Her cage, you were too small to remember it. But picture two trailer homes side by side, then two more stacked atop them: that’s how big it was, a frame of two-by-fours wrapped with chicken wire and planted inside with shrubs and crape myrtle trees and a pin oak that was struggling to grow. I had built it for her. The year we married and moved into that house, your mother found a robin dragging a wing across the driveway, and she coaxed it into her hands—she could do things like that, kneel down and cup her hands and lay them on the tarmac, and birds would come to her—and she kept the robin in a cage that not long before had been home to one of your hamsters or rats. She fed the bird, and in time it healed, and that much seemed okay to me. But by the middle of that summer she had caged three healthy birds, the robin and two bright red tanagers. Then another cage appeared, and another, and in them were twelve or thirteen birds she’d coaxed or caught, and come fall, even as the tanagers lost their red and their feathers turned a pale, yellowish green, their migrating colors, she refused to let them go. So I made an agreement with her. If she promised to always free the birds that had to go south, I would build her a permanent cage. On this day I looked out the bedroom window and saw her there, the cage I had built was noisy with robins, blue jays, cardinals, barn swallows, finches, doves, pigeons. Most of them had come from Cliff O’Day, one of the officers Jamie Kozol had shot and killed. Earlier that summer he had shown up with a wild turkey, a hulking black thing that made strange sounds and looked lost beneath the birds flitting between branches. Then, not a week before the shooting, he brought her a mountain lion cub he’d found, and the cub was in there too.
I went out to her. I said, “It’s good to see you up, Wanda.”
But she said nothing, only stared into the cage, watching the cub wake up. His fur was as soft and feathery as it looked. Black spots covered his back and his stocky little legs. Black patches circled his eyes and drooped like a Fu Manchu, framing the patch of white around his nose and mouth, and two inch-long stretches of black angled down the center of his forehead like deep furrows. He napped in the heat of the afternoons, on his stomach, his chin laid on his crossed paws, or sometimes on his side with his legs stretched out, and his habit was to wake up about the time I got home from work, used to your mother bringing out scraps of meat from the dinner she’d made us.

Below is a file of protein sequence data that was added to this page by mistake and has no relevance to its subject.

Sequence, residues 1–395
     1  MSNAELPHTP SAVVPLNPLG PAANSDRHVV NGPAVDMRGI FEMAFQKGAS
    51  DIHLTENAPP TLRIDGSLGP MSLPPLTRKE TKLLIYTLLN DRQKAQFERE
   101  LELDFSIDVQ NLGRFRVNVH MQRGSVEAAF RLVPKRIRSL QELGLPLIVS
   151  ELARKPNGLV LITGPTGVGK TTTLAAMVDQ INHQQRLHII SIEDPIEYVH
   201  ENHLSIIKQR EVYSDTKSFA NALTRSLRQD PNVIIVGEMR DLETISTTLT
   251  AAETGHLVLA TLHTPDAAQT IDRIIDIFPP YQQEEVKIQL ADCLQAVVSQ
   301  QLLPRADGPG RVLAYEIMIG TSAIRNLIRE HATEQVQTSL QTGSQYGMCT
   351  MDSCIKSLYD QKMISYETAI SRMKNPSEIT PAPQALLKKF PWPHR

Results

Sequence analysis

The cub rolled onto his back and yawned, exciting the birds. They ruffled their feathers and made a great deal of agitated noise. Some of them lifted up from their branches and took to higher ones, or darted across the cage, gathering in the trees farthest from the cub, and your mother’s expression changed, it lightened a little, though she did not quite smile.
“Are you ever going to talk again?” I said.
“Sure,” she said. I paused at the sound of her voice. It was squarely hers, and yet it was strange to hear. It sounded off key, harsh, bitter.
She said, “What do you want me to say?”
Your mother said this without taking her eyes off the cub. I thought of some things I would like to hear her say, but it was not the time to share them.
I laced my fingers through the chicken wire and watched what she was watching. The cub was awake and wandering among the tree trunks, rubbing against them as he passed. He seemed oblivious to the birds, but the birds were watching him closely, shifting on their branches, ready to take to the air, and the turkey waddled across the grass, moving as fast as it could away from him. With a drama of flapping the turkey could lift itself up and into the lower branches of the crepe myrtles, only to feel itself too big, it seemed, and too graceless, and drop heavily back to the ground. The other birds called to each other, and the cub seemed to answer them. The sounds he made, his cry, I guess you would call it, was high and thin and nasally, not at all what I’d expected but a lot like a bird’s call. The cub reached a tree across the cage and reached up and gripped the trunk with his claws, shaking the leaves and branches, and the birds shot up in a noisy panic and zipped across the cage to the side your mother and I stood on and settled in the highest branches.